|Sunday, November 16, 2003|
Read this before donning the apron for first time!
The First-time Cookbook
Are you a greenhorn when it comes to cooking? Does the very thought of fixing up a meal unnerve you? Do you wish you could call friends home for a meal under your own steam, without depending on home delivery or imploring your mother? Are you comfortable with rustling up a simple meal but unsure about preparing a more elaborate fare?
If you have shamefacedly or even unabashedly answered yes to any one of these posers, but are game for wielding a wok then you can allow this first-time cook book to be your navigator for swishing up some mouth-watering and hurdle-free meals.
The writers, Sayeed Rizvi, a former J&K Government official, and his wife Janet, a historian and freelancer, have dished out some 250 recipes, most of which are everyday vegetarian and non-vegetarian fare. But in order to not allow the already-reluctant cook’s interest wane with the plain dal-roti meals, there’s a sprinkling of exotica too. A videshi section brings about 20-odd recipes from Europe and West Asia like chicken fricassee, Irish stew, Spaghetti Bolognese, jellied chicken, Tunisian meat casserole with apricots, etc. All in all, there’s a varied fare to keep the taste buds tingling.
A novice cook is likely to be put at ease by the reassuring and encouraging tone adopted by the Rizvis, who themselves admit that they picked up the fine nuances of cooking only after Sayeed’s retirement a couple of years ago. While at no point sounding intimidating, they clarify at the outset that their recipes should be merely treated as guidelines to be followed till the readers acquire enough interest and confidence to branch out on their own. They astutely assert that a beginner would "probably want to follow the recipes closely`85 and sometimes your experiments will work, sometimes they won’t but it is not by following our suggestions slavishly that you’re going to learn cooking; it is by trial and error`85." And sure enough you see it for yourself that the recipes leave you enough room for experimentation, as below each recipe they offer variations by suggesting other materials and substitutes that can be used.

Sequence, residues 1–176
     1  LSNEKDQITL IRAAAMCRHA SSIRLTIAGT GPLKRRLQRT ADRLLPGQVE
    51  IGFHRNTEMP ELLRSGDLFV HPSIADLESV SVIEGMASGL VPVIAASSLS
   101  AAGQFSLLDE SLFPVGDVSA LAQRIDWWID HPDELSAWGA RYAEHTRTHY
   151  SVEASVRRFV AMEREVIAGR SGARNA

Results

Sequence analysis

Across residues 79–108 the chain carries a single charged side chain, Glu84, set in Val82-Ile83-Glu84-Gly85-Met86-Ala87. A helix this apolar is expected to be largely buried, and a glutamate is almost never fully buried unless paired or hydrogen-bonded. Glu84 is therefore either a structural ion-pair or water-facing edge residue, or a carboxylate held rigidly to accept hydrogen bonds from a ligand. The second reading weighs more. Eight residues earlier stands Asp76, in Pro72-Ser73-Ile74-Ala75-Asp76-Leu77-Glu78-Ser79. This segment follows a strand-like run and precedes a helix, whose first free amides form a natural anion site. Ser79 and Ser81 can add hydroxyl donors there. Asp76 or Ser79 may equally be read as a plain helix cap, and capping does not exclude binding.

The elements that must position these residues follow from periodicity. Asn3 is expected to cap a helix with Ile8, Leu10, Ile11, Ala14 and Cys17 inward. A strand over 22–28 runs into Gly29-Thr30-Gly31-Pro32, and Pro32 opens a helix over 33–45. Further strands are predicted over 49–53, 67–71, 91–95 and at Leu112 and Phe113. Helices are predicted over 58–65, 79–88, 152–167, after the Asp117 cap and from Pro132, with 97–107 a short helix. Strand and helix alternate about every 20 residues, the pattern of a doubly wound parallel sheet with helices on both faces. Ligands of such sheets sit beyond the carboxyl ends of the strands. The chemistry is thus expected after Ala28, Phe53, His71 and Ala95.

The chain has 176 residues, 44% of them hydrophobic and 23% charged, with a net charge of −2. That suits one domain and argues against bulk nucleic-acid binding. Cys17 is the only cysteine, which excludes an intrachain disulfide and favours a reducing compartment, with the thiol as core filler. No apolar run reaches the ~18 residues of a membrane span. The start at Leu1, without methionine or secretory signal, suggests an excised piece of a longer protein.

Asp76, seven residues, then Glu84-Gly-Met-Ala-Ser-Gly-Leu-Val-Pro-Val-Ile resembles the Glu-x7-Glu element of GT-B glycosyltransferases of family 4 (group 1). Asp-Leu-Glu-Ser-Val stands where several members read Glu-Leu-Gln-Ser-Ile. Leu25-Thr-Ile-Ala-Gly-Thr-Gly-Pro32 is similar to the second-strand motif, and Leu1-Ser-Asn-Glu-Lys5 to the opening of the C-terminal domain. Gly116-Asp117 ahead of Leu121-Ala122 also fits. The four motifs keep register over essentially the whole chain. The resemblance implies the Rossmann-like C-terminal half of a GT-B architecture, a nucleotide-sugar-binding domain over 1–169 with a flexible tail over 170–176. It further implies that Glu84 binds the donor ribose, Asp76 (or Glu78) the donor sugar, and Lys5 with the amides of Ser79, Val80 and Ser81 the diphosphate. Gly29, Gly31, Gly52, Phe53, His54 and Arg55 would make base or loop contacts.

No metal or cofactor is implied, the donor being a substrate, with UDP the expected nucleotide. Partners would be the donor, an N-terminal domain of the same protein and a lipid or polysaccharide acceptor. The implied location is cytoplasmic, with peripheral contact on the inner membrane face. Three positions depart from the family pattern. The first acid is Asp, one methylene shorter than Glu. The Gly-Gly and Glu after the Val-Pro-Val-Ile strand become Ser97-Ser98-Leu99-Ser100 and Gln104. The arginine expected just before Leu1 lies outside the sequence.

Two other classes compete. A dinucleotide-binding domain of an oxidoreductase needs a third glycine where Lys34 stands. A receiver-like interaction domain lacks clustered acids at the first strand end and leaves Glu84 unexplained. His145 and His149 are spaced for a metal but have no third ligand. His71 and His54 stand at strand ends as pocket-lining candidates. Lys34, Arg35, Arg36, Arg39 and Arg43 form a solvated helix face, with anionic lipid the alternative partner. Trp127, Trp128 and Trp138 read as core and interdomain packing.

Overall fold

The First-Time Cookbook, as its name suggests, seriously adheres to the assumption that you are donning the apron for the first time. So don’t lose your patience as you get briefed at length about seemingly simple kitchen chores like picking the rice or setting the curd or rolling the chapatti and then "laying it flat" on a pre-heated tava.
Appropriately, in the beginning a few pages are devoted to the setting and stocking up of the kitchen and the fridge. Besides beginners, even old hands could gain from the suggestions given to make the best use of limited space and ways in which expenses could be curtailed even as the quality of the final product is not compromised.
Before coming to the final art of cooking, the writers acquaint you with ingredients and their preparation. The take-off stage is lengthy and minutely delves into essentials of planning and organising that precedes the actual cooking. So the greenhorn gets instructed about the kinds of oil used for different methods of cooking; the ways to wash, peel and cut vegetables; how to buy veggies, for instance tomatoes, which have a better flavour; and the selection of herbs and spices that are indispensable for Indian cooking. In between you get informative titbits: how to thicken the curd, how to loosen the gravy of meat curry, how to remove turmeric stains, how to protect dals from insects, etc.
Though the Rizvis have
served a fairly palatable cuisine, there are some ingredients they have
fallen short of. The different ‘ways with rice’ have been dealt with
in sufficient detail but the section on rotis does not speak of
much variety. Again, though the vegetarian portion offers recipes of
most vegetables, it is smaller and appears bland before the rich non-veg
fare, which offers a wide range of meat, chicken, fish and egg recipes.
Visual appeal is another item that is in short supply. Reluctant
first-timers could have certainly been tempted with more pictures than
the dozen found in the book.